done it,” Ms Barry said after receiving notification
of her OAM.
“It’s about teamwork. It’s a huge body of work
achieved by a big group of people.”
For the past five and half years Ms Barry has
been a director for Magg & Me, an Australian fash-
ion label born out of friendship between Margaret
and Helen Byrne.
Another well known former local Mr Ian Webb
was also honoured with an OAM for his service to
the correction system in the Australia Day Awards
Ian Webb lived in the area from 1998 until 2003.
Ian Webb’s career with Corrections Victoria com-
menced in 1998 when he joined the Victorian Prison
Service as a Prison Officer at the former minimum
security Won Wron Prison and he served there un-
til the prison’s closure in 2003. He then transferred
to Ararat Prison, (later renamed the Hopkins Correc-
BOATING is fun for everyone.
A well known advertising slogan and usually it
Gippsland Water Police certainly don’t want
to be known as the anti-fun police. Unfortunately
though, when we become involved the fun has usu-
ally ended for someone. Hopefully it is just damage
to, or loss of a boat, but sometimes it involves seri-
ous injury and loss of life. We speak to thousands of
people on the water each year and usually it is just a
routine safety audit.
We check things because you don’t, or at least not
often enough. Expired flares, not enough life jack-
ets for everyone on board, torches with flat batteries,
discharged fire extinguishers and boats with expired
We see these things on a daily basis, they all have
a tendency to slip under the radar and get forgotten
about in the rush to get out on the water and have
some of that fun.
It may seem trivial to some people on a calm sun-
ny day when we are checking you, but when the situ-
ation arises where you need that equipment, believe
me you will wish you had it. No one intends to break
down or capsize, but it happens all too often.
When we aren’t doing the routine safety audits,
we are responding to calls for assistance and see
the other side of boating, the side most people don’t
want to think about.
These are the times when those pieces of safety
equipment can mean the difference between being
safe and well, or being cold and wet, or worse.
It is not just equipment that is important, but be-
haviour as well. Think about how your actions will
impact on others.
We don’t want to have that conversation about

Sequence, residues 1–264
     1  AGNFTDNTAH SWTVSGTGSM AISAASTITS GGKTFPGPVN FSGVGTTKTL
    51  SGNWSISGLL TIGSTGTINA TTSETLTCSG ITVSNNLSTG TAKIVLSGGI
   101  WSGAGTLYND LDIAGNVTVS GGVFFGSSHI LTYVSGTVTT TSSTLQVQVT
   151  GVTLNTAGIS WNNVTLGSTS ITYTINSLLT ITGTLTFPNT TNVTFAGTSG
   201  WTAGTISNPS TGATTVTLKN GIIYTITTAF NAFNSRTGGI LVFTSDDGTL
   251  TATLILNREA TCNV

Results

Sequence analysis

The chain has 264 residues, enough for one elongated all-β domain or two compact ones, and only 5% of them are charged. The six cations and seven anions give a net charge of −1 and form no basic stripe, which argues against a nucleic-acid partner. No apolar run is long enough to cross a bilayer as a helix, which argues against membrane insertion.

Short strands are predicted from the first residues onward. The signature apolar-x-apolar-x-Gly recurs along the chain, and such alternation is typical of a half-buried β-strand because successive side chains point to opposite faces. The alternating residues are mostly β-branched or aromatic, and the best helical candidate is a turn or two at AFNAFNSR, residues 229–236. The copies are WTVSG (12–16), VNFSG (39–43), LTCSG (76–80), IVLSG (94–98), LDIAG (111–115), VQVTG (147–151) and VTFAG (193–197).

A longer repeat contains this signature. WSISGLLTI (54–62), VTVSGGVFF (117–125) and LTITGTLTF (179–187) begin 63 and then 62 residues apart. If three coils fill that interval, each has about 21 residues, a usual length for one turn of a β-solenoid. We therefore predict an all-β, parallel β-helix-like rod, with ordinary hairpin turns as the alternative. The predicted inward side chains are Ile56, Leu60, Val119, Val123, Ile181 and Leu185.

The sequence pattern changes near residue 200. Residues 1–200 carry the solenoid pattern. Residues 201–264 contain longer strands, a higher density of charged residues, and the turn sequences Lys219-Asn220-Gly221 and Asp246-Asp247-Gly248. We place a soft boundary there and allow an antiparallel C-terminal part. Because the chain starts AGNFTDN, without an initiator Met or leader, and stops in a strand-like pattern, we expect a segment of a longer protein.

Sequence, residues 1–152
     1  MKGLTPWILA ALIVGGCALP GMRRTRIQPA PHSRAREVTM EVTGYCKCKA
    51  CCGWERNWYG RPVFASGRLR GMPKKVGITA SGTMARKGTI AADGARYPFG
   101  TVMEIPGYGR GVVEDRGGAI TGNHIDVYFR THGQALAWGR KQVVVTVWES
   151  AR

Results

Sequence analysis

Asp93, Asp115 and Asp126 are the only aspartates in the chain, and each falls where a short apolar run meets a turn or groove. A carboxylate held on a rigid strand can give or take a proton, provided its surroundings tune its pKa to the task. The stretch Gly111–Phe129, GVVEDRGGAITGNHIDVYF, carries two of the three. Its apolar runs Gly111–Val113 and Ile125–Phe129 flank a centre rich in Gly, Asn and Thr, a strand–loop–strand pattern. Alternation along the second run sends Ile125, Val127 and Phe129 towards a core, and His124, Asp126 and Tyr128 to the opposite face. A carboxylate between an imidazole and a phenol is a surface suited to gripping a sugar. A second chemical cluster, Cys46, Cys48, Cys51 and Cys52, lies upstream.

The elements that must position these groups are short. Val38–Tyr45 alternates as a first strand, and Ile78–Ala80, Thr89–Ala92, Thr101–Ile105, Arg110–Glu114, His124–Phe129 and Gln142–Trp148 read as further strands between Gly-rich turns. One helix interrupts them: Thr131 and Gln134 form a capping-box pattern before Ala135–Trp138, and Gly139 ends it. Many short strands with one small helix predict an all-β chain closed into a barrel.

why you were speeding near other boats, or operat-
ing in the swimming zone and endangering children,
but we really don’t want to be having that same con-
versation in the Coroner’s Court.
So when we get the information someone has
been doing the wrong thing, we follow it up, get you
in, have a chat about it and hopefully prevent it from
If the safety breaches were serious enough a fine
will be issued.
Electronic navigation has made life much easier
on the water, but you can’t just rely on that alone.
No one wants to see photos on social media of their
boat high and dry, so use your chart plotter or GPS to
point you in the right direction, but make sure someone
is actually looking at where you are going.
Travel at a speed where you can stop or turn in
time to avoid running aground. Most insurance poli-
cies for boats will require you to have the equivalent
of a roadworthy vehicle, a seaworthy boat.
If there was a fire on board and you couldn’t put
it out because your fire extinguisher was discharged,
will your insurance still cover you?
You’ve run aground and it is an expensive re-
covery and repair bill, but your registration or boat
licence has been cancelled because you haven’t re-
newed it, will your insurance cover that?
What if there are medical bills, who pays
those? So, make sure you do all your checks before
you get out on the water, think about your actions,
how they will impact on others and what the reper-
cussions could be.
If you are going to tow a skier, take the time to
learn the hand signals that help keep everyone safe.
Make sure you have an observer on board. Check the
signage where you launched and see where the five
knot zones and no boating zones are and stay clear
Do the right thing and the next time we meet on
the water it will be one of those pleasant conversa-
tions, not the one that ends with a fine in the mail or a
summons to attend at court. Make sure boating stays
fun for everyone.
ON THE WATER WITH GIPPSLAND